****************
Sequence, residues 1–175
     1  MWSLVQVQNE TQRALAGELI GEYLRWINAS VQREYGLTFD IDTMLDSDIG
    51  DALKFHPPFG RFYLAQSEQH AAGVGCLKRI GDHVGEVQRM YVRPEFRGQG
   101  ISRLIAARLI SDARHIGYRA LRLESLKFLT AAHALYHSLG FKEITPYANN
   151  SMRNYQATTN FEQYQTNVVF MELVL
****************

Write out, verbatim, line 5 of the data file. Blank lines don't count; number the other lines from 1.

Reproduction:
   151  SMRNYQATTN FEQYQTNVVF MELVL